The Goats Behind The First-Ever Cup of Coffee

As National Coffee Day approaches, we take a look at the interesting history of coffee, the most popular beverage in the world after water!

Who doesn’t love coffee? We will be celebrating National Coffee Day on September 29 to appreciate the popular beverage that gets us out of bed in the mornings. Many of us pour or order a cup without thinking  — or more likely to help us start thinking — but there’s actually a fascinating backstory behind the world’s most popular beverage after water. 

No, coffee didn’t originate in Italy or the western world. In fact, coffee has a surprising and interesting history many of us don’t know about which dates back to the 9th century! Here’s what goes into each cup of brewed beans — um, seeds — thanks to rich cultures around the globe.

The legend of the goats

Coffee grown worldwide can trace its heritage back centuries to the ancient coffee forests on the Ethiopian plateau. Legend has it that the goat herder Kaldi first discovered the potential of coffee seeds — coffee “beans” are actually seeds, the pits of cherry-like berries found on flowering shrubs.

The story goes that Kaldi discovered coffee after noticing that when eating berries from a certain tree, his goats became so energetic that they did not want to sleep at night. Kaldi quickly reported his findings to the abbot of the local monastery, who made a drink with the berries and found that it kept him alert through the long hours of evening prayer. The abbot shared his discovery with the other monks at the monastery, and knowledge of the energizing berries began to spread.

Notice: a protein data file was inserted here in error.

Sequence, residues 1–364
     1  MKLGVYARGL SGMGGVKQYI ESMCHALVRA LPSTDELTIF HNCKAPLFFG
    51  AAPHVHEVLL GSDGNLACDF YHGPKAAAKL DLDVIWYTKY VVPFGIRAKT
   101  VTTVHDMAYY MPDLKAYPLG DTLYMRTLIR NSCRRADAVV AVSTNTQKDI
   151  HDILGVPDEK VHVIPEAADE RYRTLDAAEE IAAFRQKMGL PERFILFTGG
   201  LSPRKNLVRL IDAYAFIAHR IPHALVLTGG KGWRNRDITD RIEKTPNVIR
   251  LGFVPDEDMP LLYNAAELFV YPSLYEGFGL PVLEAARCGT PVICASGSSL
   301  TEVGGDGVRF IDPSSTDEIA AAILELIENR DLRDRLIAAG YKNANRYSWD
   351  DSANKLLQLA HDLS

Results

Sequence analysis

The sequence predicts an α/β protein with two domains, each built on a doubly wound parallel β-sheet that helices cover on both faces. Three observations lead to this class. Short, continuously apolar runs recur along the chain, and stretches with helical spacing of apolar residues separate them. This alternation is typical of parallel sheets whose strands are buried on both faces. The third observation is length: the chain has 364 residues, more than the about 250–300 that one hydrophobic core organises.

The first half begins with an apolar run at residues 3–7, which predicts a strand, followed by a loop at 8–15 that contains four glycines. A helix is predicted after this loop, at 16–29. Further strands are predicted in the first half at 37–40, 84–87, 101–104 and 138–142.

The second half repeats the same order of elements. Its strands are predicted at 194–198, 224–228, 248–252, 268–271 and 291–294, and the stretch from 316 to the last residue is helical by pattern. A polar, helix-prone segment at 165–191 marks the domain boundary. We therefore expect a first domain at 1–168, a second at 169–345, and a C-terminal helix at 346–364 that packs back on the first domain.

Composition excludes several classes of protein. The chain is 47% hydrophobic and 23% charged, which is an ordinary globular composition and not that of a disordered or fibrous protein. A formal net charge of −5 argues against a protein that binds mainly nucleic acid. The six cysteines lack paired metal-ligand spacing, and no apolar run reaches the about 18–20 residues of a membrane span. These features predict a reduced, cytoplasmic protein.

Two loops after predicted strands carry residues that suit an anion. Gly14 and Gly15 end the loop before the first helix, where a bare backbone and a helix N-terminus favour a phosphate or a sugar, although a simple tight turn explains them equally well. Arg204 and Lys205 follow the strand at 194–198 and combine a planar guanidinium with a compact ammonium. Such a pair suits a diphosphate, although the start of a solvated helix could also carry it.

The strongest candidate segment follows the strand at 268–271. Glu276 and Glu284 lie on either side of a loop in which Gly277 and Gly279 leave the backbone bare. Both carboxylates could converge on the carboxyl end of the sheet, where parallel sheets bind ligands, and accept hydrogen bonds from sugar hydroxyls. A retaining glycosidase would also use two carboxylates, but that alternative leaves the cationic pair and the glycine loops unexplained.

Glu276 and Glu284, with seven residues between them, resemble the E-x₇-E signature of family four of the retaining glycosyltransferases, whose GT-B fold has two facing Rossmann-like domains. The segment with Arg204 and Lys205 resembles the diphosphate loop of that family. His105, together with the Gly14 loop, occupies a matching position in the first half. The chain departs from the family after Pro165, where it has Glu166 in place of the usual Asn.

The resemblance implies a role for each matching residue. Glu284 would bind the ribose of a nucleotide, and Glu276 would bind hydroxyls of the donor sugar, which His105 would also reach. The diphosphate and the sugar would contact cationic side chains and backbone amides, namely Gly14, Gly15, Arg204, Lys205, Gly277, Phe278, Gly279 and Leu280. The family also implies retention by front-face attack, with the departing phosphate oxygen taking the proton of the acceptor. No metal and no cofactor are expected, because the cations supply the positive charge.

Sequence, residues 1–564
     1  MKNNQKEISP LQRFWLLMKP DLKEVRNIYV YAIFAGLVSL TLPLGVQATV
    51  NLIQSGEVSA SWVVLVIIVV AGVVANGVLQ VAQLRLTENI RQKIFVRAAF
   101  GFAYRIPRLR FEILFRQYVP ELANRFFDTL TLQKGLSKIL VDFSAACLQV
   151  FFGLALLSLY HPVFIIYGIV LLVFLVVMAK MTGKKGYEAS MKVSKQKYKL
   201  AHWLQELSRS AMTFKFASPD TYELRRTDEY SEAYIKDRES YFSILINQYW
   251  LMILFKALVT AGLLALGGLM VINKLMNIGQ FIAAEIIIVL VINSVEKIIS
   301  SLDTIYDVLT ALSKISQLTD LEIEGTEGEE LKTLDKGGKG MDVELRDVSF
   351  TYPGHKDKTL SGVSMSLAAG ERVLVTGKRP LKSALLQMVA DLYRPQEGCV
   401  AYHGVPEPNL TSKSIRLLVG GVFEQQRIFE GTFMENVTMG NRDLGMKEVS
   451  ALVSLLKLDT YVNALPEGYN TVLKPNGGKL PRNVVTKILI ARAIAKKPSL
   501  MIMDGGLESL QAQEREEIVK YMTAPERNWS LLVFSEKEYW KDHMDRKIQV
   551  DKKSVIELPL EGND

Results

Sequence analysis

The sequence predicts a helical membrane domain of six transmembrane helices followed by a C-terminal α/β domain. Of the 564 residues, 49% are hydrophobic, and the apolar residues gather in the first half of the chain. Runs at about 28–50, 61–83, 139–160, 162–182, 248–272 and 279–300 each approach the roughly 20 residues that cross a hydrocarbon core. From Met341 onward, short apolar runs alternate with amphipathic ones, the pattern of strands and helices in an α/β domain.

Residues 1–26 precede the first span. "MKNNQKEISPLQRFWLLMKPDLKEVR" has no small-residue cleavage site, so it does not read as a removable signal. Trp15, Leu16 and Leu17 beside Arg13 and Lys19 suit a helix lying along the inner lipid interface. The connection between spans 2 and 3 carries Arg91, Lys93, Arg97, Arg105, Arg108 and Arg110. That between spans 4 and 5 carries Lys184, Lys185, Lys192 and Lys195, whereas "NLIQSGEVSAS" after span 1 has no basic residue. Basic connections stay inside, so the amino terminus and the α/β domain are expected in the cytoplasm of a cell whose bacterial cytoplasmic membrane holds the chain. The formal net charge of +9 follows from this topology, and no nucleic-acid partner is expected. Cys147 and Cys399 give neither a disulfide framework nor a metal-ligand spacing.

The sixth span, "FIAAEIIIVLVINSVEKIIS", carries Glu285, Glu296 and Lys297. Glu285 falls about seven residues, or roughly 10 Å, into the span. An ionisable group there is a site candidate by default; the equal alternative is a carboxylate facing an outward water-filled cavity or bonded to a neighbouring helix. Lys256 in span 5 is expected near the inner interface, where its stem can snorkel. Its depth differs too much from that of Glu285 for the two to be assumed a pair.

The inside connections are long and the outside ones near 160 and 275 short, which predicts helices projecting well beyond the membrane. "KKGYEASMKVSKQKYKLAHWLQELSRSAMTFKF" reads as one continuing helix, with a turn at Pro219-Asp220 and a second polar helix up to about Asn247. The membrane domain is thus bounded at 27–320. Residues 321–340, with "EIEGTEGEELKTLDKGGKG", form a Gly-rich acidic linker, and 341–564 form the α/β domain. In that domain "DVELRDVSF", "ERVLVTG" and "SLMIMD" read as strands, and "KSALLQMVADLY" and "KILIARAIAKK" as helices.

As word moved east and coffee reached the Arabian peninsula, it began a journey that would bring these beans across the globe. By the 15th century, coffee was being grown in the Yemeni district of Arabia and by the 16th century, it was loved in the Muslim world such as Persia, Egypt, Syria, and Turkey. With thousands of pilgrims visiting the holy city of Mecca each year from all over the world, knowledge of this “wine of Araby” began to spread.

The “satanic” drink of Europe

European travelers to the Near East brought back stories of an unusual dark black beverage. By the 17th century, coffee had made its way to Europe and was becoming popular across the continent. 

Interestingly, people reacted to this new beverage with suspicion or fear, calling it the “bitter invention of Satan.” The local clergy condemned coffee when it came to Venice in 1615. However, that soon changed, the controversy surrounding coffee had become so great that Pope Clement VIII was asked to intervene. He decided to taste the beverage for himself before making a decision, and found the drink satisfying enough that he gave it papal approval!

The social drink

Despite such controversy, coffee houses were quickly becoming centers of social activity and communication in the major cities of England, Austria, France, Germany, and Holland. Coffee began to replace the common breakfast drink beverages of the time, which was beer and wine. Those who drank coffee instead of alcohol began the day alert and energized, and not surprisingly, the quality of their work was greatly improved.

Today, Brazil produces about a third of the world’s supply, according to the International Coffee Organization, about twice as much as the second place holder, Vietnam. Only two U.S. states produce coffee. Kona coffee is the United States’ gift to the coffee world. Because coffee traditionally grows best in climates along the equator, Hawaii’s weather is optimal for harvesting beans. California also recently got into the coffee game with dozens of farms now churning out pricey premium bags.

What did we do to deserve coffee? It’s literally a life-saver for most people to stay awake! On National Coffee Day, make sure to read up about all of its interesting history and facts as you sip on your morning brew.